Unemployed workers line up after a 2007 freeze in California (Photo credit: FEMA).
The first ever California Economic Summit was held three weeks ago, and the work on final recommendations continues. The Summit attendees continue to collaborate across the state to address some of the major initiatives that were discussed at the day long event in Santa Clara on May 11. Those topics include how to better prepare the state’s workforce, to encourage innovation and to promote the investment of more infrastructure to name a few.
The Summit has two over-arching goals: to improve job creation in California and to improve the state’s ability to compete in the global economy.
The economic news from around the world Friday would indicate that the timing of the Summit’s work is just about right. The national unemployment rate is 8.2 percent after only 69,000 new jobs were created in May.
The soft job numbers could mean anything, but, as Mark Lacter in LA Observed wrote, it might be foolish to rush to judgement only because many who have been proven wrong in the past. The world’s economy is actually doing worse. The Eurozone, which is the European countries that use the Euro for currency, the unemployment rate was 11 percent, which is much higher than the U.S. and a record for them.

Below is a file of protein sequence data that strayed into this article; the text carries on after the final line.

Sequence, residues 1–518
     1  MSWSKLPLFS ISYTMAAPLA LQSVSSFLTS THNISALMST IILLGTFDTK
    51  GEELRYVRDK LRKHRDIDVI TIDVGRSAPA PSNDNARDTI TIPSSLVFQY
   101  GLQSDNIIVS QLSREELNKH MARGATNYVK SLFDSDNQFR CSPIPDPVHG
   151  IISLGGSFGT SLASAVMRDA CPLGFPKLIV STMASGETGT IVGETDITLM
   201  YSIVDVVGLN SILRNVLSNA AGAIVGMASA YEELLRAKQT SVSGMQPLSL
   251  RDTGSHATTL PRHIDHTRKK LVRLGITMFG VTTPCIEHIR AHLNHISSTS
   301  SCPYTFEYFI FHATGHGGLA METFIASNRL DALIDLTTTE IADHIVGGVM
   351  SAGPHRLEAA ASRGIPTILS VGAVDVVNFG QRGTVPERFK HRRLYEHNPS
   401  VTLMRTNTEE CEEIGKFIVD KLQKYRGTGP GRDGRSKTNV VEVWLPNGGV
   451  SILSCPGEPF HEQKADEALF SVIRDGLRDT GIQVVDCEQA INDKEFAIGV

Here in California, the actual May numbers won’t be out for a while, but the sense is that the state’s job creation is still sluggish, particularly in Southern California. The Summit taught us that the state’s economy is not one economy but a series of regional economies, and that job creation and economic recovery may happen sooner in some places than the other. But the Summit initiatives are designed to keep in mind regional differences and similarities and encourage them to thrive together in the future.
Speaking of regional economies, next week, we will be filing a video report about how the bio-tech industry has been able to blossom so well in San Diego County. Stay tuned.